She has given conferences and lectures at a number of universities in Italy and abroad, including Berkeley, Barcelona, the Nucleo del Deseno Industrial in São Paulo, the College of Architects of Rio de Janeiro, the Cranbrook School in Detroit, the Southern California Institute of Architecture in Vico Marcote, Switzerland, and Pacific Design Center and UCLA in Los Angeles.
From 1981 to 1983 she led courses in architectural design and industrial and furnishing design at Milan Polytechnic’s Architecture faculty.
She was a member of the Board of Directors of the XVI Triennale in Milan and has been on the jury of numerous international competitions.

Milan, Compasso d’Oro, mention (1970), Milan, Premio Compasso d’Oro, Strips (1979), Ljubljana, gold medal for “Rever” door, BIO 10 (X Bienniale Disegno Industriale) (1984), Stuttgart, Design Center Stuttgart, Design ‘85 award for the Prisma collection (1984), New York, Roscoe Prize (1984).
Stuttgart, Design-Auswahl ‘90 (1990), Milan, Medaglia d’oro “Apostolo del Design”, Sala Puricelli, Fiera di Milano - Rima Editrice (2003), Milan, Dama d’Argento award “Gli uomini e le donne che fanno grande Milano - I Maestri del Design” Spazio Ferrè - Associazione Amici del Museo Poldi Pezzoli (2006), Milan, “Milano Donna” award, Palazzo Reale, Sala delle Cariatidi (2007), Florence, “Piramidi dell’Accademia Italiana” award, Teatro Saschall, Accademia Italiana (2008), Los Angeles, The IIC Lifetime Achievement Award from the Italian Cultural Institute (2008), Chicago, Good Design Award (2008), Rome, XXII Compasso d’ Oro ADI, Compasso alla Carriera (2011), Rome, Order of Merit of the Italian Republic, nominated Grand Officer of the Republic (2011)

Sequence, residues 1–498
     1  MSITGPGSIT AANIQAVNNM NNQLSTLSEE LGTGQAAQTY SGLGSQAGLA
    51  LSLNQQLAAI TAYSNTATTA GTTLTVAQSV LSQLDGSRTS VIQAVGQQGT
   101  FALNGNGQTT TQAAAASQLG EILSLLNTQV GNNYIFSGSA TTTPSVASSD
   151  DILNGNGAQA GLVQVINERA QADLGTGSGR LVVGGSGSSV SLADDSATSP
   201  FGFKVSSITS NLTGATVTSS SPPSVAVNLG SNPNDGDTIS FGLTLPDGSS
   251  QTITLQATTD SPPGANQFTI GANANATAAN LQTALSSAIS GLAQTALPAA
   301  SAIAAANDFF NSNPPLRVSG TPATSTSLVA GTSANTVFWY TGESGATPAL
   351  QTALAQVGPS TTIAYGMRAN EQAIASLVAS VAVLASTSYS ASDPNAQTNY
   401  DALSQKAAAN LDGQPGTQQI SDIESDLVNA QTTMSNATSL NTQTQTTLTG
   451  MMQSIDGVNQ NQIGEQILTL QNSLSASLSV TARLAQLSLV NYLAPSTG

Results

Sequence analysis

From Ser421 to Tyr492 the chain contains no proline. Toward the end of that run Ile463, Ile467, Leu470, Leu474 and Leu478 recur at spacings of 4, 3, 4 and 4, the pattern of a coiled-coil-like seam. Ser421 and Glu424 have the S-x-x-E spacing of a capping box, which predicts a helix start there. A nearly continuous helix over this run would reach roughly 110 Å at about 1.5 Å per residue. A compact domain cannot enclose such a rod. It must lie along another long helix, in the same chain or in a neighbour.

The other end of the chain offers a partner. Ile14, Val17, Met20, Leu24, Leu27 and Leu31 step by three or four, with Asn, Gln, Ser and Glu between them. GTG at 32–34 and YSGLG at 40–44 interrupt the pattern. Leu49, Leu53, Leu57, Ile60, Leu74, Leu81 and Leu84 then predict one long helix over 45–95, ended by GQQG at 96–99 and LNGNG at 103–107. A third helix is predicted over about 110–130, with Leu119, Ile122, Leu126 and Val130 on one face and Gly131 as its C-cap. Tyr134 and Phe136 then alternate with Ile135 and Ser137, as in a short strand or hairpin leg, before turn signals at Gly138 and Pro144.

Le dimensioni umane dell’abitazione, Franco Angeli editore, Milan 1980
essay, La dimensione del domestico, in M. Bertoldini (editor), La casa tra tecniche e sogno, Franco Angeli editore, Milan 1988
essay, Progettista a committente, in Struttura e percorsi dell’atto progettuale, Città Studi, Milan 1991
C. Avogadro (editor), Cini Boeri, architetto e designer, Silvana Editoriale, Milan 2004

Bruce Sterling More

Bruce Sterling

Biographical notes
Bruce Sterling is an Austin-born (April 14th 1954) science fiction writer and Net critic, internationally recognized as a cyberspace theorist who is also still based there. However, as a child he also spent a lot of time in India, which can partly explain why today still Sterling is fond of Bollywood movies. Sterling studied journalism. He published his first book, Involution Ocean, in 1977. However, he first started becoming famous in Austin by organizing every year a Christmas party where he would present digital art. In the 80s Sterling published Cheap Truth a series of fanzines, which are magazines for fans of a particular performer, group, or form of entertainment. He did so under the surprising but revealing pen name of Vincent Omniaveritas. In latin, “vincit omnia veritas” means “truth conquers all things”. Sterling’s writings have been very influential in the cyberpunk movement in literature, specifically the novels Heavy Weather (1994), Islands in the Net (1988), Schismatrix (1985), The Artificial Kid (1980).